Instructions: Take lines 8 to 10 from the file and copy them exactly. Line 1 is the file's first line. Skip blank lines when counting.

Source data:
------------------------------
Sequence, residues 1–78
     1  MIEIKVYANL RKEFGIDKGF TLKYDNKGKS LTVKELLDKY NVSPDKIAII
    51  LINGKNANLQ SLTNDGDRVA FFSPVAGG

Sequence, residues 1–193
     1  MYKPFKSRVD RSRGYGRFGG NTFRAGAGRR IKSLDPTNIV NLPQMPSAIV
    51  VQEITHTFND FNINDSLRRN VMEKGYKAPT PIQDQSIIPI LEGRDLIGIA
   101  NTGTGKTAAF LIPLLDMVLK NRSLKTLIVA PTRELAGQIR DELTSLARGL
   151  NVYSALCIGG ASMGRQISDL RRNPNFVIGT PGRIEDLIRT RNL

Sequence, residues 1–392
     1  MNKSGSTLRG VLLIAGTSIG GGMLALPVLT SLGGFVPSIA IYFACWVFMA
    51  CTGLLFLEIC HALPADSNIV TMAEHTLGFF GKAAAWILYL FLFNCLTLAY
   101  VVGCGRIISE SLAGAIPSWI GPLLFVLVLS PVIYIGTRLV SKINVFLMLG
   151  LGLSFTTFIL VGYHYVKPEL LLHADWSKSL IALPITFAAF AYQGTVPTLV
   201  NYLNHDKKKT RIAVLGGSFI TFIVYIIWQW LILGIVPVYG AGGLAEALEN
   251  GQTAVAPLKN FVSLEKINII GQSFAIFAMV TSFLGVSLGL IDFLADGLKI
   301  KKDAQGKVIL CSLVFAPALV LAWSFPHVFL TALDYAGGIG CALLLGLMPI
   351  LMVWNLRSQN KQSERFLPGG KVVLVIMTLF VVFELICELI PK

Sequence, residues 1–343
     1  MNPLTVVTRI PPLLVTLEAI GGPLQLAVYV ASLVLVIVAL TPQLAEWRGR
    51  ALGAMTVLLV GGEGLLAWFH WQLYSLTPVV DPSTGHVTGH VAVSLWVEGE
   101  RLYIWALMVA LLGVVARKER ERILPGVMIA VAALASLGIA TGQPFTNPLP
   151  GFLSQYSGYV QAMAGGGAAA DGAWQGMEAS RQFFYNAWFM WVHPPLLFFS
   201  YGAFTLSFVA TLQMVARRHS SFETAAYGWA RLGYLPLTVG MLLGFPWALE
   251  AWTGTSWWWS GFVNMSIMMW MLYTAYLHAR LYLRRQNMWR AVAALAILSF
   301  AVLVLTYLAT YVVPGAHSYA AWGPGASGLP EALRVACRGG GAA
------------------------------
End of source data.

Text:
   151  NVYSALCIGG ASMGRQISDL RRNPNFVIGT PGRIEDLIRT RNL

Sequence, residues 1–392
     1  MNKSGSTLRG VLLIAGTSIG GGMLALPVLT SLGGFVPSIA IYFACWVFMA